When you write information from a source in your own words, cite the source by adding an in-text citation at the end of the paraphrased portion as follows:
Mother-infant attachment became a leading topic of developmental research following the publication of John Bowlby's studies (Hunt, 1993).
Note: If you refer to the author's name in a sentence you do not have to include the name again as part of your in-text citation, instead include the year of publication following his/her name:
Hunt (1993) noted that mother-infant attachment became a leading topic of developmental research after the publication of John Bowlby's studies.
Homeless individuals commonly come from families who are riddled with problems and marital disharmony, and are alienated from their parents. They have often been physically and even sexually abused, have relocated frequently, and many of them may be asked to leave home or are actually thrown out, or alternatively are placed in group homes or in foster care. They often have no one to care for them and no one knows them intimately.
Rokach, A. (2005). The causes of loneliness in homeless youth. The Journal of Psychology, 139, 469-480.
Example: Incorrect Paraphrasing
The homeless come from families with problems. Frequently, they have been physically or sexually abused, or have lived in group homes. Usually no one cares for them or knows them intimately (Rokach, 2005).
Note: In this incorrect example the writing is too similar to the original source. The student only changed or removed a few words and has not phrased the ideas in a new way.
Example: Correct Paraphrasing
Many homeless experience isolation in part due to suffering from abuse or neglect during their childhood (Rokach, 2005).
Note: The example keeps the idea of the original writing but phrases it in a new way.
|Number of Authors/Editors||First Time Paraphrased||Second and Subsequent Times Paraphrased||First Time Quoting||Second and Subsequent Times Quoting|
(Case & Daristotle, 2011)
(Case & Daristotle, 2011)
|(Case & Daristotle, 2011, p. 57)||(Case & Daristotle, 2011, p. 57)|
|Three or more||(Case et al., 2011)||(Case et al., 2011)||(Case et al., 2011, p. 57)||(Case et al., 2011, p. 57)|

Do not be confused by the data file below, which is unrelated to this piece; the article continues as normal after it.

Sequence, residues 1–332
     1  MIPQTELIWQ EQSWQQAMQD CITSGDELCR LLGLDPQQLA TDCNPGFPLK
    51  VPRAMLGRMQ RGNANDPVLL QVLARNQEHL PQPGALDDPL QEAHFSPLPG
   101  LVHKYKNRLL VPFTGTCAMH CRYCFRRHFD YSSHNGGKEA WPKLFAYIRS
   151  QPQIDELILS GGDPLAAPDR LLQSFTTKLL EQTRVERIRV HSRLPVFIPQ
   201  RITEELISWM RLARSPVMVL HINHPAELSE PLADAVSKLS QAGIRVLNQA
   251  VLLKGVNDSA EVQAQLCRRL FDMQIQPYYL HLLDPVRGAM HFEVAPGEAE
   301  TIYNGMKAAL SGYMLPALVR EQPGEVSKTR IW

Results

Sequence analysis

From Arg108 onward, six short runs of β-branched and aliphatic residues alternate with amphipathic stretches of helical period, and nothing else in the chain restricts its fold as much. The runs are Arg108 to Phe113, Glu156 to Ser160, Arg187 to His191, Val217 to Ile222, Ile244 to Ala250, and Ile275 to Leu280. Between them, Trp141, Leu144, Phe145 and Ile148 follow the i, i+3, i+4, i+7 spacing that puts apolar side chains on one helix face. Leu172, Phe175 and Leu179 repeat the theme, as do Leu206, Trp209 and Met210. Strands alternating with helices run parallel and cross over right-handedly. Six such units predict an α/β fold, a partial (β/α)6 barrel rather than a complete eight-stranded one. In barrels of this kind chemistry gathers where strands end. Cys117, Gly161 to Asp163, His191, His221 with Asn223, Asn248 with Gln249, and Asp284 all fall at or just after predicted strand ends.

|Type of Group||First Time Paraphrased||Second and Subsequent Times Paraphrased||First Time Quoting||Second and Subsequent Times Quoting|
|Groups readily identified through abbreviations||
National Institute of Mental Health (NIMH, 2003)
|National Institute of Mental Health (NIMH, 2003, p. 5)||(NIMH, 2003, p. 5)|
|Groups with no abbreviations||(University of Pittsburgh, 2005)||(University of Pittsburgh, 2005)||(University of Pittsburgh, 2005, p. 2)||
(University of Pittsburgh, 2005, p. 2)
No Known Author:
Note that in most cases where a personal author is not named, a group author may be cited instead (eg. Statistics Canada). However, in certain cases, such as religious ancient texts, the author is unknown. Where you'd normally put the author's last name, instead use the first one, two, or three words from the title. Don't count initial articles like "A", "An" or "The". You should provide enough words to make it clear which work you're referring to from your References List.
If the title in the References list is in italics, italicize the words from the title in the in-text citation.
If you are citing an article, a chapter of a book or a page from a website, put the words in double quotation marks.
Capitalize the titles using title case (every major word is capitalized) even if the reference list entry uses sentence case (only first word is capitalized).
(Cell Biology, 2012, p. 157)
("Nursing," 2011, p. 9)
No Known Date of Publication:
Where you'd normally put the year of publication, instead use the letters "n.d.".
(Smith, n.d., p. 200)